Both of us had been close
to Joel, and at Joel’ s death
my friend had gone to the wake
and the memorial service
and more recently he had
visited Joel’ s grave, there
at the back of the grassy
cemetery among the trees,
“a quiet, gentle place,” he said,
“befitting Joel.” And I said,
“What’ s the point of going
to look at graves?” I went
into one of my celebrated
Both of us had been close
You died. And because you were Greek they gave you
a coin to carry under your tongue and then also
biscuits and honey. When you came to the riverbank
you saw a crazy-looking black bumboat on the water
with a figure standing in it, lanky and dressed
darkly, holding a sweep. You were taken across,
and you gave your coin for the passage, and continued
Was I so poor
in those damned days
that I went in the dark
in torn shoes
to steal fat ears
of cattle corn
from the good cows
and pound them
like hard maize
on my worn Aztec
stone? I was.
You rose from our embrace and the small light spread
like an aureole around you. The long parabola
of neck and shoulder, flank and thigh I saw
permute itself through unfolding and unlimited
minuteness in the movement of your tall tread,
the spine-root swaying, the Picasso-like éclat
of scissoring slender legs. I knew some law
of Being was at work. At one time I had said
that love bestows such values, and so it does,
but the old man in his canto was right and wise:
ubi amor ibi ocullus est.
Just over the horizon a great machine of death is roaring and rearing.
We can hear it always. Earthquake, starvation, the ever-renewing sump of corpse-flesh.
But in this valley the snow falls silently all day, and out our window
We see the curtain of it shifting and folding, hiding us away in our little house,
We see earth smoothened and beautified, made like a fantasy, the snow-clad trees
So graceful. In our new bed, which is big enough to seem like the north pasture almost
That gaunt old man came first, his hair as white
As your scoured tables. Maybe you’ ll recollect him
By the scars of steelmill burns on the backs of his hands,
On the nape of his neck, on his arms and sinewy legs,
And her by the enduring innocence
Of her face, as open to all of you in death
As it would have been in life: she would memorize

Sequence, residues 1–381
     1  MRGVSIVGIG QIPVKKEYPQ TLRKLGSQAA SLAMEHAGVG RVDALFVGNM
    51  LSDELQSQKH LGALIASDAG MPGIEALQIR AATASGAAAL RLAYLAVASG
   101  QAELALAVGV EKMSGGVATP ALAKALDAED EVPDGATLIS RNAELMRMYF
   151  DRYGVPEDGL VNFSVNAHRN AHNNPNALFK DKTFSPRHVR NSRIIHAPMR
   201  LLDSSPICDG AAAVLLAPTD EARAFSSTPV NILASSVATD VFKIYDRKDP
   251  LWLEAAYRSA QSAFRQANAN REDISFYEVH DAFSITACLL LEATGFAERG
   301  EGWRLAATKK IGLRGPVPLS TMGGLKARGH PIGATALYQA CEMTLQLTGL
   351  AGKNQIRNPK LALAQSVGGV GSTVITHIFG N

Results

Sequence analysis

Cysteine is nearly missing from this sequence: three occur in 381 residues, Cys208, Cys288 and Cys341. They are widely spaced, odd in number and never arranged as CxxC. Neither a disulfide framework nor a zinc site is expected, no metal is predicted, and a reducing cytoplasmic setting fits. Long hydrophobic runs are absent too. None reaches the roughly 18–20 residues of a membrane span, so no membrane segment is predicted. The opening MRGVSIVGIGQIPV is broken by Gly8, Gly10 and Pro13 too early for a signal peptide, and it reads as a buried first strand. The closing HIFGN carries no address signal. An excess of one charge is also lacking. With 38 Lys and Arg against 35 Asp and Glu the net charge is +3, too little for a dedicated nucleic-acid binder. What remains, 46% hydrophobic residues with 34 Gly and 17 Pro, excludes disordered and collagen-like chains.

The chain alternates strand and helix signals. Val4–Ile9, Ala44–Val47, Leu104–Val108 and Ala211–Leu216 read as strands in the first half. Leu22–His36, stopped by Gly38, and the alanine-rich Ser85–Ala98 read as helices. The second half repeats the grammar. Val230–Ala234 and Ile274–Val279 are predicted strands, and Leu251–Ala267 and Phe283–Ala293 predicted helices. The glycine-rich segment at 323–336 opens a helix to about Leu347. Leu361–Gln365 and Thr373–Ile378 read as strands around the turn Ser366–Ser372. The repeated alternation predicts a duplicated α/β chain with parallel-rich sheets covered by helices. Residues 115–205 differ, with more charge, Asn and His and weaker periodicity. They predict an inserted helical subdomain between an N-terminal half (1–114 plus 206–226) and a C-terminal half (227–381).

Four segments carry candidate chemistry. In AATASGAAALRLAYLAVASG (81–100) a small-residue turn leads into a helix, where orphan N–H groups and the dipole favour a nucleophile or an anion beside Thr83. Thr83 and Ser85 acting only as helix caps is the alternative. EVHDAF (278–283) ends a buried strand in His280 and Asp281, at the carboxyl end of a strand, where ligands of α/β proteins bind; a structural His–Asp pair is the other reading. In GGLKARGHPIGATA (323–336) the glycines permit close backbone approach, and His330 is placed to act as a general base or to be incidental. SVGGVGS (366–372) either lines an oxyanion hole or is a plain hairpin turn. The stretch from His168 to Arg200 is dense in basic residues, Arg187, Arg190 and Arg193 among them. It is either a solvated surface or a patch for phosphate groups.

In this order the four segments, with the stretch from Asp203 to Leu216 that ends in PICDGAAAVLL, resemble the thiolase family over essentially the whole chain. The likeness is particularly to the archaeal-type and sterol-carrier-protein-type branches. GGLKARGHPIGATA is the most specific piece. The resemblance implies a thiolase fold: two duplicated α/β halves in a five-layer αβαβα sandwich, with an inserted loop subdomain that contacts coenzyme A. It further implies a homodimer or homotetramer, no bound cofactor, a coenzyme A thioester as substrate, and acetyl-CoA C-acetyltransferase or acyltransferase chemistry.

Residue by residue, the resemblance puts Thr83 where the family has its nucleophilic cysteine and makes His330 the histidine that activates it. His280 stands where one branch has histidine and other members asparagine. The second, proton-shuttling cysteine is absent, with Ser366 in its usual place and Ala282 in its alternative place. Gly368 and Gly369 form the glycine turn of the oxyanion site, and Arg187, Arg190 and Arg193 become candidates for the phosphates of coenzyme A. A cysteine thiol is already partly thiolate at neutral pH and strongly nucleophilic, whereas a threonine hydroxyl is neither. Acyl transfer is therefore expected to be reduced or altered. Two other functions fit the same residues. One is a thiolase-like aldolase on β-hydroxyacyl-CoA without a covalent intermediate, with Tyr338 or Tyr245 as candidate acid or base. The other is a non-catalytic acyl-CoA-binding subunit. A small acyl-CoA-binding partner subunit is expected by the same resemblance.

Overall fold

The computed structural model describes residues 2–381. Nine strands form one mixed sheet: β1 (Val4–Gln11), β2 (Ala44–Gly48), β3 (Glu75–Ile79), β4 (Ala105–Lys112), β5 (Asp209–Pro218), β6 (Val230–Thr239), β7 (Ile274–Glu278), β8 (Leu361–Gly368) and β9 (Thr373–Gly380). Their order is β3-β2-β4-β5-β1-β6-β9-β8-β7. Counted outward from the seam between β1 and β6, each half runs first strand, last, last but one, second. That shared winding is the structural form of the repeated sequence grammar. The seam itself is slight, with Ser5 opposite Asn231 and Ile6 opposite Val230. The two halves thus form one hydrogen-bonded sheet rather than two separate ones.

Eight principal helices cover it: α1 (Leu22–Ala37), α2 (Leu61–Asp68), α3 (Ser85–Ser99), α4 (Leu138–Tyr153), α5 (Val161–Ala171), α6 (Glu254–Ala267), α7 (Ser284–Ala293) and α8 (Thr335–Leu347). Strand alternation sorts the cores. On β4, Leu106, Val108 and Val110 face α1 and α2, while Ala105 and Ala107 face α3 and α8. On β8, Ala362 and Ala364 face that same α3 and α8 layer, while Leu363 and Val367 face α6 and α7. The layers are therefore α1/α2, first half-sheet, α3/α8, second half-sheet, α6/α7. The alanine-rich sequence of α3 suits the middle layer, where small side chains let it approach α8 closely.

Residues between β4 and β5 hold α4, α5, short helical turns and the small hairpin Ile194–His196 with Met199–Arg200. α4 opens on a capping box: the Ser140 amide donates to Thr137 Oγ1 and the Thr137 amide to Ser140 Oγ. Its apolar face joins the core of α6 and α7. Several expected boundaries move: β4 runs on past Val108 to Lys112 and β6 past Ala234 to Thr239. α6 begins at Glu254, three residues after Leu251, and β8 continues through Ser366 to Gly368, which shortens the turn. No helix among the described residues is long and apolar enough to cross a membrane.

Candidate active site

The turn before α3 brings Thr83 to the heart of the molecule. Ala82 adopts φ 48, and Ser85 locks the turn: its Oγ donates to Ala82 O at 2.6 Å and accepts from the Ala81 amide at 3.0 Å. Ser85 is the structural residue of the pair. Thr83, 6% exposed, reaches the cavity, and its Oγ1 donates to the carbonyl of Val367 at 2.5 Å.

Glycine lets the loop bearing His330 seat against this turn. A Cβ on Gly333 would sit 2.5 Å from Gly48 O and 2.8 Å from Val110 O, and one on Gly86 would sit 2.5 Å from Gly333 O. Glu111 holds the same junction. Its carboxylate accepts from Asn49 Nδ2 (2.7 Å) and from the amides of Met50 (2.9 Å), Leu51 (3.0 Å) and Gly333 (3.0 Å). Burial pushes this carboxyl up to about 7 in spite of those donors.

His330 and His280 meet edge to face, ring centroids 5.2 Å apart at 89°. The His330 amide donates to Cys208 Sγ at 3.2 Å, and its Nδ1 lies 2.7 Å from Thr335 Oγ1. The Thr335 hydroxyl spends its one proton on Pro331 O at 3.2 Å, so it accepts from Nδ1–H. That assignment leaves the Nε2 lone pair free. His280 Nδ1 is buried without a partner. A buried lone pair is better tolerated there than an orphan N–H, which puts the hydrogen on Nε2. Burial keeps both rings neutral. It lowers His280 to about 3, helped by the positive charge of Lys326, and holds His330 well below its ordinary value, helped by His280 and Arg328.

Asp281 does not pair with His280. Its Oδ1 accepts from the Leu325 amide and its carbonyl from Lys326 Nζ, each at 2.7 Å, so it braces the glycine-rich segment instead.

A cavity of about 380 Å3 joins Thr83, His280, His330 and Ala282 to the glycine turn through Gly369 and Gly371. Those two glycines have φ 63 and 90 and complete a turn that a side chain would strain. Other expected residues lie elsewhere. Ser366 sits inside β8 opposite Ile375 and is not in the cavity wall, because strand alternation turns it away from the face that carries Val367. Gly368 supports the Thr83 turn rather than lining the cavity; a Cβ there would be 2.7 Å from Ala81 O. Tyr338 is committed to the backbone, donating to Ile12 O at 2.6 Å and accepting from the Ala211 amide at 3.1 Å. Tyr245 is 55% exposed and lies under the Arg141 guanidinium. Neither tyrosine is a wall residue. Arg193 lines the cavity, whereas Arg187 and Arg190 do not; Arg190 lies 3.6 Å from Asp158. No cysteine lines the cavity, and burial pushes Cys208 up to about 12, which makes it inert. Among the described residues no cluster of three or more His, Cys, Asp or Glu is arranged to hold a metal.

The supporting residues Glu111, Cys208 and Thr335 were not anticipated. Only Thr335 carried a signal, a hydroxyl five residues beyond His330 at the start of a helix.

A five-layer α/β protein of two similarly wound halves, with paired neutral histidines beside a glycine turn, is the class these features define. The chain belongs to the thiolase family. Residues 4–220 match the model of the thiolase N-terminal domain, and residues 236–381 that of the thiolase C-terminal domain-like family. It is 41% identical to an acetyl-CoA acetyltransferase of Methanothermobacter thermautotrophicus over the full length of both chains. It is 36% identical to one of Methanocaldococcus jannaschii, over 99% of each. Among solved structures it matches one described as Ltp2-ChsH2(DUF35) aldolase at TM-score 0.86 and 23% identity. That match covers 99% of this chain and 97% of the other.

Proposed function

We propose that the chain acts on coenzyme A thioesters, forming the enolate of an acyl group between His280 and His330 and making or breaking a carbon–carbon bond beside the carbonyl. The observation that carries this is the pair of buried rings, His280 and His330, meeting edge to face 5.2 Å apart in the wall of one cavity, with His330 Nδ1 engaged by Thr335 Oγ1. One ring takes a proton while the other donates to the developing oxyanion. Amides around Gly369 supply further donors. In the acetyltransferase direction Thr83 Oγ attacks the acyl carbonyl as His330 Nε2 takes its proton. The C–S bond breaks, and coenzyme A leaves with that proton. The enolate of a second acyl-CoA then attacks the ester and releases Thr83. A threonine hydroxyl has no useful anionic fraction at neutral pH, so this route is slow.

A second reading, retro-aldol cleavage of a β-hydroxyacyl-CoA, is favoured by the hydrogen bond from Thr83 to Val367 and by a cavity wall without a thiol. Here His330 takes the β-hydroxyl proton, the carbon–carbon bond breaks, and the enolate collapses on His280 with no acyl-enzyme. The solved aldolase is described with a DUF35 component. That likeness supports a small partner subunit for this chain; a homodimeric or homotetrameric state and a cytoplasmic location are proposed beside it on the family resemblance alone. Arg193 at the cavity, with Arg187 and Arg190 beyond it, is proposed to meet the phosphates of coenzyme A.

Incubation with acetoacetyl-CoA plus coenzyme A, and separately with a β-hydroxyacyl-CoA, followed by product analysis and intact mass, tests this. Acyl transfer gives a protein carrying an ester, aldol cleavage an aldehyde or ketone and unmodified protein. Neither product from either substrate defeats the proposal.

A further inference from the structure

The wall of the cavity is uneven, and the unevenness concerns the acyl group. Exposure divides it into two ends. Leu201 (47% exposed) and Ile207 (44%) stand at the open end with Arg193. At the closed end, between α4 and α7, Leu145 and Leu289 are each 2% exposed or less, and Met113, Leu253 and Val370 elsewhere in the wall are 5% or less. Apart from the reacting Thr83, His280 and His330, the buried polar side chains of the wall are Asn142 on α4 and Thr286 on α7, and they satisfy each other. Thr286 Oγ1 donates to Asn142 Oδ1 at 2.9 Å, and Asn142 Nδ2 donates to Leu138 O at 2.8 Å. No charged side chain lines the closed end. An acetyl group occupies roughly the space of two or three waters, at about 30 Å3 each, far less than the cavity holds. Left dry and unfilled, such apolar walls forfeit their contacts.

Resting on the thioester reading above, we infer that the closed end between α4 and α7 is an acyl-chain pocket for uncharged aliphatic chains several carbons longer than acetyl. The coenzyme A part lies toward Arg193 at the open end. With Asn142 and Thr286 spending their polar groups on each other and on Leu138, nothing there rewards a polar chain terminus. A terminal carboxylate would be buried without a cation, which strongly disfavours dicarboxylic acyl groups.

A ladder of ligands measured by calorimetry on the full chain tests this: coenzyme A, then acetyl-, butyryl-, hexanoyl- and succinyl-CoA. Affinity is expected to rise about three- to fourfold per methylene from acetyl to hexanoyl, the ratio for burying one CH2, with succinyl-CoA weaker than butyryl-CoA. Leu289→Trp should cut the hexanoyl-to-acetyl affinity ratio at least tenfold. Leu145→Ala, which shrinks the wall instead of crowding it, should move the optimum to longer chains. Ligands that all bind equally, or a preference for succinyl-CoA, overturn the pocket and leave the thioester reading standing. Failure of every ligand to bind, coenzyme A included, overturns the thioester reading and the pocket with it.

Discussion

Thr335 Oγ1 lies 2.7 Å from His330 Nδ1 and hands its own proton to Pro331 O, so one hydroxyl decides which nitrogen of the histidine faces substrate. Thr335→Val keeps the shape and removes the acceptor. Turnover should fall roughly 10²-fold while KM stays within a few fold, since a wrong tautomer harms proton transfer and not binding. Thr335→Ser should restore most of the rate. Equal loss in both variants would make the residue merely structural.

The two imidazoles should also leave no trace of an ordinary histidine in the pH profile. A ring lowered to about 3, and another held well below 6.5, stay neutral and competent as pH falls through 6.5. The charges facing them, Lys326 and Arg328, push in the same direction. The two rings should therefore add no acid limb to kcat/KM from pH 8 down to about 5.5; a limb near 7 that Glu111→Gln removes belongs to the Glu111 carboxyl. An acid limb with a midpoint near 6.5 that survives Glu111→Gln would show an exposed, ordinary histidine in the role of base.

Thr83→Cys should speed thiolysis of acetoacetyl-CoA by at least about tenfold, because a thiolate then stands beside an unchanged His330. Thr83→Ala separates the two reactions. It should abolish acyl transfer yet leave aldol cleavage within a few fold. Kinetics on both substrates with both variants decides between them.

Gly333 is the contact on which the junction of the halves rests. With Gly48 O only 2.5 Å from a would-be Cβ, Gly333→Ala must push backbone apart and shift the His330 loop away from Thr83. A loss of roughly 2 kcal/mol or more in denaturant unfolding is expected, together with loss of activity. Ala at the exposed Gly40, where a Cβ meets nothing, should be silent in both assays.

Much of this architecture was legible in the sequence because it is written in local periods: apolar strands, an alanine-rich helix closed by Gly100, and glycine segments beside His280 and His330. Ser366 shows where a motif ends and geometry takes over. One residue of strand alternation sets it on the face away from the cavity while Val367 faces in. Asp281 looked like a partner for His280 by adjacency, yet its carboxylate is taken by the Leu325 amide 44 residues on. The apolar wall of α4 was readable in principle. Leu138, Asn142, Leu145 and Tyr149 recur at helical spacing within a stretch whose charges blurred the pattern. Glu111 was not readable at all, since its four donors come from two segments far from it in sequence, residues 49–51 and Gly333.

Your names and ages and pastimes and hometowns
If she could, but she can’ t now, so remember her.
Clear night, thumb-top of a moon, a back-lit sky.
Moon-fingers lay down their same routine
On the side deck and the threshold, the white keys and the black keys.
Bird hush and bird song. A cassia flower falls.
I want to be bruised by God.
I want to be strung up in a strong light and singled out.
I want to be stretched, like music wrung from a dropped seed.
I want to be entered and picked clean.
The spider, juiced crystal and Milky Way, drifts on his web through the night sky
And looks down, waiting for us to ascend...
At dawn he is still there, invisible, short of breath, mending his net.
All morning we look for the white face to rise from the lake like a tiny star.
And when it does, we lie back in our watery hair and rock.
Ancient of Days, old friend, no one believes you’ ll come back.
No one believes in his own life anymore.
The moon, like a dead heart, cold and unstartable, hangs by a thread
At the earth’ s edge,
Unfaithful at last, splotching the ferns and the pink shrubs.
In the other world, children undo the knots in their tally strings.
They sing songs, and their fingers blear.
Twelve people, most of us strangers, stand in a room
in Ann Arbor, drinking Cribari from jars.
Then two young men, who cooked him,
carry him to the table
on a large square of plywood: his body
striped, like a tiger cat’ s, from the basting,
his legs long, much longer than a cat’ s,
and the striped hide as shiny as vinyl.